Unless you live in a cave in the wilderness, you are exposed to many electromagnetic fields (EMFs) every day. EMFs are invisible areas of energy produced by anything that runs on electricity. There’s been a lot of interest lately about EMFs and whether or not they are dangerous. Some say EMFs can generate all kinds of unpleasant symptoms and maybe even cause cancer. Is the danger real? If so, what can you do to protect yourself? Let’s find out.
Electromagnetic Fields Are Everywhere
EMFs are everywhere. For example, the Earth has a natural magnetic field that causes a compass needle to point north. Electric fields and magnetic fields are similar, but there are some differences.
An electric field is produced when electricity flows through a wire or cable, like an electric tower power line. The force that pushes electrons through a wire is called the voltage, and the higher the voltage, the stronger the electric field.
A magnetic field is produced by a flowing electrical current. In general, magnetic fields only occur when a device or power source is turned on. Physical barriers like walls or insulation can weaken electric fields easier than magnetic fields.
When combined, electric and magnetic fields are electromagnetic fields, and they are a type of radiation. Now, this is not necessarily bad since even the sun is a source of radiation. Still, if you get too much sunlight, it can be harmful.
High-frequency vs. Low-frequency EMFs
In general, EMFs can be divided into two categories: high and low frequency. Examples of high-frequency EMFs are X-rays and gamma rays. These are very high intensity and known to be dangerous. Exposure to high-frequency EMFs can lead to DNA damage and can cause cancers. This kind of radiation is called ionizing radiation.
The bigger debate surrounds the low-frequency EMFs, like those associated with power lines, cellphone batteries, microwaves and a whole list of other devices. This kind of radiation is called non-ionizing radiation.
Sources of non-ionizing radiation in terms of strength can be ranked like this, with the strongest listed first:
- Smart meters
- TV signals
- Radio signals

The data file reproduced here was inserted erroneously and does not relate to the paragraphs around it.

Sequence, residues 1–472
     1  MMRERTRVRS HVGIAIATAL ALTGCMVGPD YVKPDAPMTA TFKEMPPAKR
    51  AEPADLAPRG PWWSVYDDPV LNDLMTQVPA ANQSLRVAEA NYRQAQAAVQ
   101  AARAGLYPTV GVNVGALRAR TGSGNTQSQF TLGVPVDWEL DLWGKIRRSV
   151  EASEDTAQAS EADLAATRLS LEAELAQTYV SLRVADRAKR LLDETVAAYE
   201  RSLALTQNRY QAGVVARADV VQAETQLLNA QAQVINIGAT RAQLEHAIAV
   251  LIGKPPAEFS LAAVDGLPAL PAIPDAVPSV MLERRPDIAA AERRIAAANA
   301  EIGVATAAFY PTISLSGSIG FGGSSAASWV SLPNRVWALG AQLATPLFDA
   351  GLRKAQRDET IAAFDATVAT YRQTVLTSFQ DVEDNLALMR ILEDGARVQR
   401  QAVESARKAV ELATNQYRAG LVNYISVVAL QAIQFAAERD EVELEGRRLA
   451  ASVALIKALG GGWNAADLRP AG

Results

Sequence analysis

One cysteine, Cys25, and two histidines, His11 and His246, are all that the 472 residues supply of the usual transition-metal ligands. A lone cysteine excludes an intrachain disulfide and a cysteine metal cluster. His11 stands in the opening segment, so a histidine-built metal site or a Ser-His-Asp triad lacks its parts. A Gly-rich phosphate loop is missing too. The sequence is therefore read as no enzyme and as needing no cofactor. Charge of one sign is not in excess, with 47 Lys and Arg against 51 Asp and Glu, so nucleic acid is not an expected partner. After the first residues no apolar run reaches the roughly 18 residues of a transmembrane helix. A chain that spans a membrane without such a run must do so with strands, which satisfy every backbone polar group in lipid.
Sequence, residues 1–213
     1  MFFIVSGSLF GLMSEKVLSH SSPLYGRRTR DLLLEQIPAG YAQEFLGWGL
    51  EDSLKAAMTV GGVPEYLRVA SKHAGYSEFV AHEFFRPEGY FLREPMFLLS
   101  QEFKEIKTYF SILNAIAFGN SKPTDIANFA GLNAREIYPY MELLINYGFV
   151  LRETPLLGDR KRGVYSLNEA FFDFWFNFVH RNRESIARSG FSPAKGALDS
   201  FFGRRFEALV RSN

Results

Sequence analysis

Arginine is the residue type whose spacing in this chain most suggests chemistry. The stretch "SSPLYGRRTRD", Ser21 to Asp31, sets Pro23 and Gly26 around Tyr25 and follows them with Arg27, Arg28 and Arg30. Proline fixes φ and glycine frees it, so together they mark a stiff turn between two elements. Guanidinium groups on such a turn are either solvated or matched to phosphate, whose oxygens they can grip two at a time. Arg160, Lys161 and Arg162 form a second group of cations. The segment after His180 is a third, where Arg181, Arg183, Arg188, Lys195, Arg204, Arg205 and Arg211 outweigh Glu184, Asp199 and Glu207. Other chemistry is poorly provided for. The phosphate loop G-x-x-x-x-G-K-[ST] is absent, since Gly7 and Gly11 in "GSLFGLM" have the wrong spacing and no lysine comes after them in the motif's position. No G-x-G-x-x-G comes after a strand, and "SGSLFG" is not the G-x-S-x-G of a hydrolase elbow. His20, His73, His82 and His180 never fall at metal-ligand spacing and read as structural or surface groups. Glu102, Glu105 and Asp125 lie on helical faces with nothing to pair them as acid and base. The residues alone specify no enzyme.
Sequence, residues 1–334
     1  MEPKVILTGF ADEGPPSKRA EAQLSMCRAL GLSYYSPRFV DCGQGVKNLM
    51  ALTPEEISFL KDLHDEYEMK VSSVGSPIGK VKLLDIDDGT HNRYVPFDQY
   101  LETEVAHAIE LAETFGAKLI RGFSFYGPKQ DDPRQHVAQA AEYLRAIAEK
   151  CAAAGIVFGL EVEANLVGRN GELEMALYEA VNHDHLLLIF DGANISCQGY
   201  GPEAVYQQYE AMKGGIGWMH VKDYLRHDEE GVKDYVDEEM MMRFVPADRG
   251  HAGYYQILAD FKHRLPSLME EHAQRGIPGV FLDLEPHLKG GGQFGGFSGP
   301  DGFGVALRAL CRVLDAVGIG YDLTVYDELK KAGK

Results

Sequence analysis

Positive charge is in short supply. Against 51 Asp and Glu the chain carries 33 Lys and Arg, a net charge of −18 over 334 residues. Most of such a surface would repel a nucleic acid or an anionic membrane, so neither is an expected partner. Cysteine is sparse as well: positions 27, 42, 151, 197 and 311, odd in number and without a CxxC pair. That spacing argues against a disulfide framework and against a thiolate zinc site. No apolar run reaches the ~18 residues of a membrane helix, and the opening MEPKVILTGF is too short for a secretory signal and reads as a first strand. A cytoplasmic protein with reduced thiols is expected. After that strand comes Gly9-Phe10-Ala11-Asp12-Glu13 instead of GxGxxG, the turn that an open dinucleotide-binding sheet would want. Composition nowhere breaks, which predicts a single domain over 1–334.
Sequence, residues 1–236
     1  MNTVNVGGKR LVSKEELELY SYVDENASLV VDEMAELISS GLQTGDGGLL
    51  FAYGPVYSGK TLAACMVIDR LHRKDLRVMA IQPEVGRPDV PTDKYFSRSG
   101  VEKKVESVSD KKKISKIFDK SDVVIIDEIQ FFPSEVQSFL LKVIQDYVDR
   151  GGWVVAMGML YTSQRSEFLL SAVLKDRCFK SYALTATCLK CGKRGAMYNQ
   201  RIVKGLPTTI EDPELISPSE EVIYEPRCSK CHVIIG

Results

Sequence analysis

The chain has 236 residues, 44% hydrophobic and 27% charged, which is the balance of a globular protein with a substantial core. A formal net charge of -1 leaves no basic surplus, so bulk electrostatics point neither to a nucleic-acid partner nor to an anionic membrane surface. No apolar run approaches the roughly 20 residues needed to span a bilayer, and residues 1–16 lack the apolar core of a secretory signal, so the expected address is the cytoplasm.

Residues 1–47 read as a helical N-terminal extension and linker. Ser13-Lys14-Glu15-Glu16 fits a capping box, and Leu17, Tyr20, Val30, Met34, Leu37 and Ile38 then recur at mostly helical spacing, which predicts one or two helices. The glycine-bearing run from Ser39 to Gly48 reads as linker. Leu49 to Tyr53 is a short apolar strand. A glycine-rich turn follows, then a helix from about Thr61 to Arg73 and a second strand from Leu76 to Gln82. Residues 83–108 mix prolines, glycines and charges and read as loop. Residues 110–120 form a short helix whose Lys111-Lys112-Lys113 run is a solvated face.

- Power lines
Let’s look at some of these sources individually and see what scientists say about the potential danger.
You might be thinking, “Whoa! Microwaves are at the top of the list. Dangerous!” Remember, though, all the action happens behind the microwave oven door. So, yes, if you stuck your head in the microwave and turned it on, it would hurt you. If you have a newer model that’s in good shape though, little to no harmful radiation should leak out.
What about microwaved food? There have been no conclusive studies to show that microwaves make food or drinks harmful. Now, you might not like the texture of microwaved food, but it shouldn’t cause you any health problems.
Even if it’s bad for you, can you live without Wi-Fi? The EMF produced by Wi-Fi runs at a frequency just a bit lower than microwaves, but Wi-Fi works out in the open with no door. Some claim that energy emitted by Wi-Fi can weaken the blood-brain barrier. Even though the radiation itself may not affect you in this case, toxins from your own blood might pass more easily over to your brain.
Other investigators say that Wi-Fi frequencies can even affect the heart. This might lead to symptoms, such as:
- Rapid or irregular heartbeat
- Jittery feeling or anxiety
- Trouble concentrating
- Chest pain or pressure
There are even those that recommend getting rid of Wi-Fi in your home and setting up hard-wired Internet connections instead. A more practical solution might be to place your Wi-Fi router in a place that doesn’t see much human traffic.
This might be one of the hottest areas of debate when it comes to EMFs. The reason is not only that so many people have cellphones but also because we carry them so close to our body. When we use them to talk, we hold cellphones directly to our heads.
There are anecdotal reports of women who carried their cellphones in their bras and then got breast cancer. This is not scientific proof, but it does call our attention. To date, there have been no conclusive studies linking cellphones with cancer, but some associations have appeared. For example, a few studies show a possible link between some brain or ear tumors and cellphone use.